In October, EPA Administrator Scott Pruitt announced that the Trump Administration would toss the Clean Power Plan regulation put in place by the Obama EPA. The regulation is known for its strict standards that punish the owners and operators of coal and natural gas power plants and overstepped the authority of the states to manage their energy sectors without Congressional approval.
The announcement led to a recent public hearing in West Virginia where the people of coal country vented about the harm that was inflicted on their economy. West Virginia Attorney General Patrick Morrisey was in attendance, calling the regulation “disastrous and unlawful.” Morrisey declared that he would “go after” the CPP in whatever capacity he could if elected to the US Senate.
Bob Murray, the CEO of Murray Energy, America’s largest privately owned coal company, gave his own testimony at the hearing which he attended with 30 of his employees. He called the regulation “illegal” and part of “Mr. Obama and Democrats’ War on Coal.” Murray said: “The Clean Power Plan would devastate coal-fired electricity generation in America and US coal industry. It would impose massive costs on the power sector and American consumers.”
The West Virginia Coal Association hosted a rally outside the Capitol where the hearings took place. Speakers included Senate President Mitch Carmichael, House Speaker Tim Armstead, and Chris Hamilton, the vice president of WVCA who called for the day to always be celebrated as the day the war on coal was ended.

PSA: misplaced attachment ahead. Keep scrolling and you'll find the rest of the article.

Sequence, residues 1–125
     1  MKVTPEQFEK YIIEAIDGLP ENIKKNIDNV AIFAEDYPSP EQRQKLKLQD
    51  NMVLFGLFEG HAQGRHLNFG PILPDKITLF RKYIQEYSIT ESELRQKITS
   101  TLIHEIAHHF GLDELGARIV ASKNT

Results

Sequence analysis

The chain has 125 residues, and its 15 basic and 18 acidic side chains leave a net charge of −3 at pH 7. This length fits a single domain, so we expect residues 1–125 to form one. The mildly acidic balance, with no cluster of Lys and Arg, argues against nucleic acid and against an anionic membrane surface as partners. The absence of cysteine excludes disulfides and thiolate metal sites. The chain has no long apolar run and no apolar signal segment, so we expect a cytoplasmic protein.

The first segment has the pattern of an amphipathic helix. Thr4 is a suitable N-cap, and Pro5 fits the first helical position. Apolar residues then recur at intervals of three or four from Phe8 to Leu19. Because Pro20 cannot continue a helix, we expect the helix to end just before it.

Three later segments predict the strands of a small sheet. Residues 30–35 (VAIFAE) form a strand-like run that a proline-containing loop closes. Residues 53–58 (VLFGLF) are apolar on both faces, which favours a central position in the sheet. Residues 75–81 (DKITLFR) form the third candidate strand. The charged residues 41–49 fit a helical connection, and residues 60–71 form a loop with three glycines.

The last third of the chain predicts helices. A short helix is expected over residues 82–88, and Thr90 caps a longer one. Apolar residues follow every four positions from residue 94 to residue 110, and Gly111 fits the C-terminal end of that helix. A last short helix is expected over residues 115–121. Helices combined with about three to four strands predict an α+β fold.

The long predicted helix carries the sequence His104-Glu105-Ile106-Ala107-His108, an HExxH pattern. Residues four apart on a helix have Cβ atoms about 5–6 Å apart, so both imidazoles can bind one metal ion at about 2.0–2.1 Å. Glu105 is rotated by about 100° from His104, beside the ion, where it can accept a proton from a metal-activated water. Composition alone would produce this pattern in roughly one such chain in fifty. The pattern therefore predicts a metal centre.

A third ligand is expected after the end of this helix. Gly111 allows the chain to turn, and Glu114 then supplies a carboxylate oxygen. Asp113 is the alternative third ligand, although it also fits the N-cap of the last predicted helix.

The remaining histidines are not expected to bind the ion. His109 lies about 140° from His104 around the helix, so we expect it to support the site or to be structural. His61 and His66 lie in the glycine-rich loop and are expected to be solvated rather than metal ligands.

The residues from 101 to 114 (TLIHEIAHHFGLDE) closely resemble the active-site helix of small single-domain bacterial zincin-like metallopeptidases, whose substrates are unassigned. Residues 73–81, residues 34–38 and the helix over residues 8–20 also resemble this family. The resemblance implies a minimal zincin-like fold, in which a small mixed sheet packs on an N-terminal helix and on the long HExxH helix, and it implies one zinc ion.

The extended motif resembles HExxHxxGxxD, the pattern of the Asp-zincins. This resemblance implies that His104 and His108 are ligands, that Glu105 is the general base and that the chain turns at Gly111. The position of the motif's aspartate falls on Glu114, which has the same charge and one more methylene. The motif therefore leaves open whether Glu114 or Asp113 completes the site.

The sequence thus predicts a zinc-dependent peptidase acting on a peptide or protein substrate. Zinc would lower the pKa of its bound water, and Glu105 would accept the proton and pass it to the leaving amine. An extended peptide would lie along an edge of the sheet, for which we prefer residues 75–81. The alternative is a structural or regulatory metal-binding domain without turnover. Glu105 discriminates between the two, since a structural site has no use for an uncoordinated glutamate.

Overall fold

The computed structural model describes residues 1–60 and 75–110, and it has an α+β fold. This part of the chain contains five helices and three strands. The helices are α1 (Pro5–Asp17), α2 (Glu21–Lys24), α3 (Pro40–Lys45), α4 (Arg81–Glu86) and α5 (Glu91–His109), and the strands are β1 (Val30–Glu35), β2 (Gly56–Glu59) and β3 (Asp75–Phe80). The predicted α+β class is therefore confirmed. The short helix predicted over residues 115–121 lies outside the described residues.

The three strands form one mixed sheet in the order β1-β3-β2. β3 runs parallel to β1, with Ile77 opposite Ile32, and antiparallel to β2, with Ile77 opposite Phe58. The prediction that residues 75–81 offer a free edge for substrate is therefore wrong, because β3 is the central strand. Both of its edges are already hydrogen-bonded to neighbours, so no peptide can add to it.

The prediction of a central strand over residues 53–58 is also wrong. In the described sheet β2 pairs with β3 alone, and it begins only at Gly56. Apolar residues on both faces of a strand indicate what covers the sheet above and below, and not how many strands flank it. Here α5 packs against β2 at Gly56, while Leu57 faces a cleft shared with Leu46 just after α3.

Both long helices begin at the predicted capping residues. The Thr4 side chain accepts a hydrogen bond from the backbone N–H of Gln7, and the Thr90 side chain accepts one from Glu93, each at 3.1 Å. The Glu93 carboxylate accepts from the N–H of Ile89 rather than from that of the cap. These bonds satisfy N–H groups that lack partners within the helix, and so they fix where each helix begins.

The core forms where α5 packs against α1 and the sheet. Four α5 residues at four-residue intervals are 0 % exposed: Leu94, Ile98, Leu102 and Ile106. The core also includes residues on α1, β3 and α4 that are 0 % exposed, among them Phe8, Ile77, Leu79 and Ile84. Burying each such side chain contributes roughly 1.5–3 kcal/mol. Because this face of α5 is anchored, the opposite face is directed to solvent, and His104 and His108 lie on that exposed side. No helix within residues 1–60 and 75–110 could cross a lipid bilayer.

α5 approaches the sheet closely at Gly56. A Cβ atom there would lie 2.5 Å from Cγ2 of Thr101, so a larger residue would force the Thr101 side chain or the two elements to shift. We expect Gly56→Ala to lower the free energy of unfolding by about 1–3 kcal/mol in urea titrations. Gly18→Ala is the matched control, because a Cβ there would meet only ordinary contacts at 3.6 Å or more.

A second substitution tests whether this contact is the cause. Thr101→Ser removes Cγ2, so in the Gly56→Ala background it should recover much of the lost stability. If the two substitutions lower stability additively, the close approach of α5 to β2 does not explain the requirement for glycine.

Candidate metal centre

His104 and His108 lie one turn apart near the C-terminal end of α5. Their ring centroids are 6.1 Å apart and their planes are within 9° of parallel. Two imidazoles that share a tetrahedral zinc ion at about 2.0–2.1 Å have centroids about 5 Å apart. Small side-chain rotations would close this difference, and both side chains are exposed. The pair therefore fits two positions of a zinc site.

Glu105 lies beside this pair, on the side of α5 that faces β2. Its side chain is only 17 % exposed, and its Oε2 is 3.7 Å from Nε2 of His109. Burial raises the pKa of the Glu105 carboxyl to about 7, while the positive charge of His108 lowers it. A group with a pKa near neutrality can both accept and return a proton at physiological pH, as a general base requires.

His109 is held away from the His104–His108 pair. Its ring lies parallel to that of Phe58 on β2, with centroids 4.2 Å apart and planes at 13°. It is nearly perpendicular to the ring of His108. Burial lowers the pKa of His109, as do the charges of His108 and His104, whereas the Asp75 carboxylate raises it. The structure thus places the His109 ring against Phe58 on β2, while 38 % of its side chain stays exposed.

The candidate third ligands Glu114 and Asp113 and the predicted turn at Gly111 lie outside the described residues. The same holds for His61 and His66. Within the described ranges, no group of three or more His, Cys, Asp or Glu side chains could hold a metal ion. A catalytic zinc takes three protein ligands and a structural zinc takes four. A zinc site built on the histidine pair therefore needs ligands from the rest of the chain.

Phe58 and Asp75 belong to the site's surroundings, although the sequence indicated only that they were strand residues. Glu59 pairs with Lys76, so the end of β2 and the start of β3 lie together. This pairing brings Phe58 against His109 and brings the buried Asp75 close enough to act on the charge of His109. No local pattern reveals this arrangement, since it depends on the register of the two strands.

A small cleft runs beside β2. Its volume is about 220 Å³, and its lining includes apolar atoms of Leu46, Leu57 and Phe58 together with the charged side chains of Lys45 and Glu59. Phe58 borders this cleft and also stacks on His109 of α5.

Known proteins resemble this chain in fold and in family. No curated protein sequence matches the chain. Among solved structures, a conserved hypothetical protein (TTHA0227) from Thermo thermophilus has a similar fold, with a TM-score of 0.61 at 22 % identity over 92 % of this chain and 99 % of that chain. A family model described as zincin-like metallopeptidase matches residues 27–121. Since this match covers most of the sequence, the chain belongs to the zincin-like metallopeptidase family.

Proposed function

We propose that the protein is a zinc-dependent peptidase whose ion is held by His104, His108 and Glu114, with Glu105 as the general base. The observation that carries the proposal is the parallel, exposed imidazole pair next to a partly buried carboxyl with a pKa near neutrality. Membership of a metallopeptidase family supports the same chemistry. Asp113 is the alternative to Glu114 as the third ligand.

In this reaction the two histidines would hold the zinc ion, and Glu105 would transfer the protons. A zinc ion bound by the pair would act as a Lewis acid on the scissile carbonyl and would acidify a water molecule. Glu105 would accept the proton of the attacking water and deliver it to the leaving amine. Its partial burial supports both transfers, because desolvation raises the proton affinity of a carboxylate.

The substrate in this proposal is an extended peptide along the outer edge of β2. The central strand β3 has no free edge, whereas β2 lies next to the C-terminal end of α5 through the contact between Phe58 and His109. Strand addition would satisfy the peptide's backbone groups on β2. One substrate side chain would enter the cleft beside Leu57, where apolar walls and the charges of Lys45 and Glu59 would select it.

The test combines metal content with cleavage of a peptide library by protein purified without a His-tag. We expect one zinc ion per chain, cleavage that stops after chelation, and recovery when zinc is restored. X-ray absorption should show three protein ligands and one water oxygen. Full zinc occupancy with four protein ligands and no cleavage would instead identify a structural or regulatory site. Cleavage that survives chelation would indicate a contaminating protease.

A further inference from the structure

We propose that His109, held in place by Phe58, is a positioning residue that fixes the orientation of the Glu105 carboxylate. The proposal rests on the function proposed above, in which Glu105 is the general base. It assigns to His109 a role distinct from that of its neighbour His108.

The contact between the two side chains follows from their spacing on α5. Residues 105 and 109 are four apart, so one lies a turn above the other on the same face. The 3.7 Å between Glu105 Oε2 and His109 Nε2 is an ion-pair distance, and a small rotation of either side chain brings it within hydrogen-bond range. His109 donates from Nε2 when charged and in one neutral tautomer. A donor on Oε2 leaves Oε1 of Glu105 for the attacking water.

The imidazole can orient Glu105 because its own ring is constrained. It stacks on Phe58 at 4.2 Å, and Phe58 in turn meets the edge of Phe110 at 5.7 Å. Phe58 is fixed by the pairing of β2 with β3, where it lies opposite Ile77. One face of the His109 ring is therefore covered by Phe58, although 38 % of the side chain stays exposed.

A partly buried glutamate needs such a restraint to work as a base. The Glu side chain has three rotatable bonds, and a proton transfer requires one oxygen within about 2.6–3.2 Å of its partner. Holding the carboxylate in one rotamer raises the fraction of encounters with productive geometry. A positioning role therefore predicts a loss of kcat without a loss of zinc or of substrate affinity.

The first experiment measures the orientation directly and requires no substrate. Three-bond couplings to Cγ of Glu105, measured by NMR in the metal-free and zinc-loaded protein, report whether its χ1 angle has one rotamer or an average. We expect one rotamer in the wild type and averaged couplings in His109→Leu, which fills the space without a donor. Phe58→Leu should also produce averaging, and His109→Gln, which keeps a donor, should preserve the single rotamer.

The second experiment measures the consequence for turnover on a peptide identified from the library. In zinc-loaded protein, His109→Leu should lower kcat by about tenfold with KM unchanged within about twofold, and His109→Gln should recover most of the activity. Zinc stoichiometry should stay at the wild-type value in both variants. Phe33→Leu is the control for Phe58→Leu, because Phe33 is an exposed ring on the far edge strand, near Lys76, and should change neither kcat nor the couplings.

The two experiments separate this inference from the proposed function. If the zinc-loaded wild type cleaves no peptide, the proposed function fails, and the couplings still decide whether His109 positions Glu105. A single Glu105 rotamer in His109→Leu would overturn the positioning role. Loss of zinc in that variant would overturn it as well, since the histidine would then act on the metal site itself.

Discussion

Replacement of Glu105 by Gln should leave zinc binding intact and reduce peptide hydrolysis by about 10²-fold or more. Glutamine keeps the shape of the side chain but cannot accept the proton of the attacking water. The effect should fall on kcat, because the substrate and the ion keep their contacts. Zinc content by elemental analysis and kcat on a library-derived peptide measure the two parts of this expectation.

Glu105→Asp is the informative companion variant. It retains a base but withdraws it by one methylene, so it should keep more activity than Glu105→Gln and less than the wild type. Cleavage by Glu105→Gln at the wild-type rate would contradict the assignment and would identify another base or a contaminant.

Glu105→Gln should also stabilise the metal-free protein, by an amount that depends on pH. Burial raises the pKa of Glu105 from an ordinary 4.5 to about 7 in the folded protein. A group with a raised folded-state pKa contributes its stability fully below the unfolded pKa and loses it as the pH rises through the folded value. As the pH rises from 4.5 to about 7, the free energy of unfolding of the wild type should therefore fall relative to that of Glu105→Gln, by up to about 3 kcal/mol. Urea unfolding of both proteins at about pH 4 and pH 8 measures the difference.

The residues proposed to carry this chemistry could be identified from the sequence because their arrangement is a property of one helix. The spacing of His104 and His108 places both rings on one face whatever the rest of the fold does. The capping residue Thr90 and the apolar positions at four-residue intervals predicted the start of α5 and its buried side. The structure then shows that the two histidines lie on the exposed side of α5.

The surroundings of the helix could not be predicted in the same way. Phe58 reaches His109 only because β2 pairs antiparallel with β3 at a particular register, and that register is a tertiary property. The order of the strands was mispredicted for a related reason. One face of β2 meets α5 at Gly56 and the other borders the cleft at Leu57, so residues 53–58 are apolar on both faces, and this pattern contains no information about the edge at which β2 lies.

Hamilton applauded the Trump Administration and also called to celebrate his election as president. “I made remarks earlier that I was not sure Russians had any intervention or anything to do with last year’s election. I think it was divine intervention,” Hamilton said. “And I thank God for President Trump. I thank God for EPA Administrator Scott Pruitt and I thank God for DOE Energy Secretary Rick Perry.”
Carmichael and Armstead also thanked President Trump for listening to the people “who have jobs in the state” and are “affected with regulations.” The president of the WVCA, Bill Raney, said: “The EPA has never been here to listen to people most affected by policies over the years. It’s a big day for West Virginia.”
According to USA Today, Trump’s EPA is also putting a stop to the Obama Administration’s “sue-and-settle” approach that allowed environmental groups to rewrite regulations without public scrutiny. EPA Administrator Pruitt has also encouraged greater state influence in EPA policy by rewriting membership rules for the agency’s advisory boards to include more Midwestern and Mountain states. He also put researchers representing industries and institutions based in the middle of the country in advisory positions, replacing scientists who received EPA grants.